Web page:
SALT LAKE CITY — A former Brigham Young University-Hawaii student has filed a lawsuit alleging the school’s honor code prevented her from seeking help after she was sexually assaulted by her campus job supervisor.
The Salt Lake Tribune reports (http://bit.ly/2d7xls4) that the lawsuit, filed Sept. 30 in Honolulu, claims the Mormon-owned school’s rules banning unmarried students from sexual activity made the victim feel like she could not report her assault. According to the lawsuit, the victim had previously been suspended over an alleged violation of the school’s Honor Code.
A BYU-Hawaii spokesman declined to comment on the lawsuit but said the university has a zero-tolerance policy for sexual misconduct.
The woman’s complaint comes as BYU-Provo faces a federal investigation into its compliance with Title IX, which requires universities to follow certain procedures when dealing with sexual assault on campus.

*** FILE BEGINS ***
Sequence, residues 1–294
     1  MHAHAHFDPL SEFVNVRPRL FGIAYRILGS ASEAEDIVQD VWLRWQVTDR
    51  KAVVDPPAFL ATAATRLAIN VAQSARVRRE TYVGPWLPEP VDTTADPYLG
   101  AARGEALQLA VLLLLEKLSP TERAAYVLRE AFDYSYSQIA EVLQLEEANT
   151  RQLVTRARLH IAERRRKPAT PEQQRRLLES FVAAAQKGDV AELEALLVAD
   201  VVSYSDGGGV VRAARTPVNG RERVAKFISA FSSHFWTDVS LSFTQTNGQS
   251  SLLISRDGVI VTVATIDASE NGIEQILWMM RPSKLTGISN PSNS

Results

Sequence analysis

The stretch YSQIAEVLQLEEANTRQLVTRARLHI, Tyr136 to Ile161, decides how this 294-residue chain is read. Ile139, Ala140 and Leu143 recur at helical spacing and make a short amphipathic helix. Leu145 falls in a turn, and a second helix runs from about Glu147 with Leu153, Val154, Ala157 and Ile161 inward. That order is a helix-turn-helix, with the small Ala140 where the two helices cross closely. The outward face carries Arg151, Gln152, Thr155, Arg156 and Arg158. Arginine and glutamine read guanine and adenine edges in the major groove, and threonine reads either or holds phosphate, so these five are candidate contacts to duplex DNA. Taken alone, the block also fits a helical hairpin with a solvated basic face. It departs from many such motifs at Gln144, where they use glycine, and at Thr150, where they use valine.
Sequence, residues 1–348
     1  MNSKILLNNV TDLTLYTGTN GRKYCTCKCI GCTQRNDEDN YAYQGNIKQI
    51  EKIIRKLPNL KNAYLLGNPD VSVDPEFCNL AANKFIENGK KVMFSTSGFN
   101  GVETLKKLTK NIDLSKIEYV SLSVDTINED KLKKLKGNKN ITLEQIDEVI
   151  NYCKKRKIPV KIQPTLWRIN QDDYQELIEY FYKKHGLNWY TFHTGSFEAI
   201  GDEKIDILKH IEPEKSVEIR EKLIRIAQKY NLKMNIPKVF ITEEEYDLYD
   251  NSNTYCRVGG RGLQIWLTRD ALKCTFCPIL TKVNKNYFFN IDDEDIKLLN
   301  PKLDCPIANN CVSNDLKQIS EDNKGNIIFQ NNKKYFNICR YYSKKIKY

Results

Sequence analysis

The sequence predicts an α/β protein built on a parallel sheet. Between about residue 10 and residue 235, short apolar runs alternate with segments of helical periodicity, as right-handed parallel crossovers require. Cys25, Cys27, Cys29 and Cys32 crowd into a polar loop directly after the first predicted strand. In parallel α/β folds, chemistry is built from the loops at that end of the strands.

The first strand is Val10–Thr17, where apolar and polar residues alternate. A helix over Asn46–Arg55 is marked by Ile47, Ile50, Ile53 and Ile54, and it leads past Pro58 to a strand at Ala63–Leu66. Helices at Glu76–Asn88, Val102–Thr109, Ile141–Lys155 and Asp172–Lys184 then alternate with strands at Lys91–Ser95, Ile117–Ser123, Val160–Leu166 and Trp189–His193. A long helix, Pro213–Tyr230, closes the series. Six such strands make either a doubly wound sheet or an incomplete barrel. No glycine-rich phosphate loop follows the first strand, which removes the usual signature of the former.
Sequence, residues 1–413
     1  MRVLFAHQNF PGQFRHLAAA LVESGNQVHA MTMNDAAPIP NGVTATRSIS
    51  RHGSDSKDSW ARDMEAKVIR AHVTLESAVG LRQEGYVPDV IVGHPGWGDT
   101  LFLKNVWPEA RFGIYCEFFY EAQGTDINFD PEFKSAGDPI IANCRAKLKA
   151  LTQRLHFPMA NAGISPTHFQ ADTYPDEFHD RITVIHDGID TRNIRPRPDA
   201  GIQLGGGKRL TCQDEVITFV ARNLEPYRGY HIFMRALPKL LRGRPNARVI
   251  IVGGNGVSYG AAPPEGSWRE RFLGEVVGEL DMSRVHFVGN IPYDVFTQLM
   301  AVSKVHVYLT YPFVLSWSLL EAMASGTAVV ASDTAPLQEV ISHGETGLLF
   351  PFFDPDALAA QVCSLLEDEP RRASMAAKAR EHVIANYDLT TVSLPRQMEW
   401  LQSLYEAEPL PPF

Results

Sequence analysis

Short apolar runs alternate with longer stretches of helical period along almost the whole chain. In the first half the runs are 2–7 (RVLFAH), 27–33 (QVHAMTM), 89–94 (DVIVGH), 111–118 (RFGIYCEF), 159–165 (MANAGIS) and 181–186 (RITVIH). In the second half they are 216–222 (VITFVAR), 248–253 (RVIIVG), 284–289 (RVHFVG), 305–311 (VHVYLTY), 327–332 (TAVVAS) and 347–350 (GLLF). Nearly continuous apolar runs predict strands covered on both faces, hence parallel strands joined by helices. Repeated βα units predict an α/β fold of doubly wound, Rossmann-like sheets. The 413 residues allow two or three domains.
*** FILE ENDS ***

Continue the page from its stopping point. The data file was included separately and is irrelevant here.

According to the lawsuit, the woman was working for the university’s student government in October 2014 when her direct supervisor drove her to a beach and sexually assaulted her on the way back.
“Through the remainder of (the woman’s) employment, (the defendant) used his position as … supervisor and superior to direct and/or lure her to the offices of the BYU-H Student Association and other locations where he could isolate and repeatedly assault her,” the complaint said.
The newspaper reports that the woman sought the appointed position of student association vice president in April 2015.
“Immediately before the interview for this position, over which (the defendant) had influence, he called plaintiff to solicit sex as a quid pro quo for his support of her candidacy,” the lawsuit said.
The woman quit her position a week later and was psychologically unable to take final exams. She needed special arrangements to take the exams off-campus, according to the lawsuit, which also alleges that the university’s staff director over student activities suspected the man was abusing his power but didn’t intervene.
The woman’s lawyer, Mark Gallagher, said she has since transferred to a school in Vancouver. The Salt Lake Tribune was unable to reach the defendant for comment.
Information from: The Salt Lake Tribune, http://www.sltrib.com